by Greg Campbell
Yesterday, President Obama nominated former Senator Chuck Hagel for the Secretary of Defense position. In addition to the controversies his appointment will inevitably bring, Obama will likely have to answer tough questions regarding his nomination for the Director of the Central Intelligence Agency, John Brennan.
Brennan has served as Obama’s counterterrorism adviser, though Brennan has received criticism for a decidedly softer stance on the “War on Terror.”
In May of 2010, Brennan raised eyebrows for Republicans and Democrats alike when he called jihad a “legitimate tenet of Islam.”
“The president’s top counterterrorism adviser on Wednesday called jihad a ‘legitimate tenet of Islam,’ arguing that the term ‘jihadists’ should not be used to describe America’s enemies.
During a speech at the Center for Strategic and International Studies, John Brennan described violent extremists as victims of ‘political, economic and social forces,’ but said that those plotting attacks on the United States should not be described in “religious terms.”
He repeated the administration argument that the enemy is not ‘terrorism,’ because terrorism is a ‘tactic,’ and not terror, because terror is a ‘state of mind’ — though Brennan’s title, deputy national security adviser for counterterrorism and homeland security, includes the word ‘terrorism’ in it. But then Brennan said that the word ‘jihad’ should not be applied either.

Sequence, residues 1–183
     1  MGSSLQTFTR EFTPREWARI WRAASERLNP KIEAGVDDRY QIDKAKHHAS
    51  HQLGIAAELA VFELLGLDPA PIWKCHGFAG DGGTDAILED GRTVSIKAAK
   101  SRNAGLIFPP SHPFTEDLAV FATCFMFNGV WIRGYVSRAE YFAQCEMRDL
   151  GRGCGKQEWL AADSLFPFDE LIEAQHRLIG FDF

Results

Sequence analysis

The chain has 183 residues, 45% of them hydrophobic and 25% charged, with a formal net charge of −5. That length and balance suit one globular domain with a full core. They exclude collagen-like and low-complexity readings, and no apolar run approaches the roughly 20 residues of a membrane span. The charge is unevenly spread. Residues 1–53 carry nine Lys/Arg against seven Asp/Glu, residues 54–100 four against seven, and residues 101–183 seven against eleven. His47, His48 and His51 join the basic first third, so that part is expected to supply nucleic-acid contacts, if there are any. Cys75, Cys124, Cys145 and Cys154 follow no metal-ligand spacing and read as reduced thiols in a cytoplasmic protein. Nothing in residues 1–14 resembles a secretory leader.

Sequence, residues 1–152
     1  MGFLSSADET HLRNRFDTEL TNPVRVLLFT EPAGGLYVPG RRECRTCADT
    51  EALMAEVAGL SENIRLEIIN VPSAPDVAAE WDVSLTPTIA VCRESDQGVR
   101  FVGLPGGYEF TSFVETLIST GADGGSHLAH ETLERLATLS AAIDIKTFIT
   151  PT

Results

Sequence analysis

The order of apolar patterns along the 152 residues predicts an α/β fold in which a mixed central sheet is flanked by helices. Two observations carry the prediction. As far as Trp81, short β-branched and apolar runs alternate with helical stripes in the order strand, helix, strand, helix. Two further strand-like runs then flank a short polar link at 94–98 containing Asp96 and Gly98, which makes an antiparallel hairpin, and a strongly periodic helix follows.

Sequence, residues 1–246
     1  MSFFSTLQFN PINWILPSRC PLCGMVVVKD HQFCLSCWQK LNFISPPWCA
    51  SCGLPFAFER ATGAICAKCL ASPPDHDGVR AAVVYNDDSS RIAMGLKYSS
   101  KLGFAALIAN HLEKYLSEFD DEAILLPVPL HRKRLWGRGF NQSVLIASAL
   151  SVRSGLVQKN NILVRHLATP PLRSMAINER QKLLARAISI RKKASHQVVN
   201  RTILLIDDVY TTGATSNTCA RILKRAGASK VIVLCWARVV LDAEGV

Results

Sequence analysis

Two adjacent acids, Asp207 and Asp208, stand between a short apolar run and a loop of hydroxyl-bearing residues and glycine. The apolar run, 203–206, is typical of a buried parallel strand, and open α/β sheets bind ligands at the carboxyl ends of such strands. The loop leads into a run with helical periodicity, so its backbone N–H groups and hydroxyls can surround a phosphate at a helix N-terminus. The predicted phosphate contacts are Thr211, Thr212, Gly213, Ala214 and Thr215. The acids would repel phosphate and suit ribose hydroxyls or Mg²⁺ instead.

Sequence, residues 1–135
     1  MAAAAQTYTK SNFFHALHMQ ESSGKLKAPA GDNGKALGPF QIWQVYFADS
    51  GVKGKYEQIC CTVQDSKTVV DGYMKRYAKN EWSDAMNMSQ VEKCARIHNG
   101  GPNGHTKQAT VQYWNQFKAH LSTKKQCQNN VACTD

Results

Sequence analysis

‘Nor do we describe our enemy as “jihadists” or “Islamists” because jihad is a holy struggle, a legitimate tenet of Islam, meaning to purify oneself or one’s community, and there is nothing holy or legitimate or Islamic about murdering innocent men, women and children,’ Brennan said…
But Brennan argued that it would be ‘counterproductive’ for the United States to use the term, as it would ‘play into the false perception’ that the ‘murderers’ leading war against the West are doing so in the name of a ‘holy cause.’
‘Moreover, describing our enemy in religious terms would lend credence to the lie propagated by Al Qaeda and its affiliates to justify terrorism — that the United States is somehow at war against Islam,’ he said.”
At a time when America was still at war in Afghanistan and Iraq, Brennan’s remarks about the legitimacy of jihad, quite predictably, rubbed many the wrong way. After taking issue with an opinion piece by The Washington Post, Brennan sat down for an interview and when asked for an example of a jihad in history, claimed, “I’m not going to go into this sort of history discussion here.” When the interviewer reiterated the claims by leading Islamic spiritual leaders who call for jihad that jihads are violent in nature, Brennan stormed out and said, “I think we’ve finished. I have to get going.”
While it may be impossible to find a politician or political figure that has remained untouched by controversy, the nomination of Brennan and Hagel appear to be business as usual for an administration that has made it increasingly clear that scandals are not grounds for disqualification for consideration of top positions.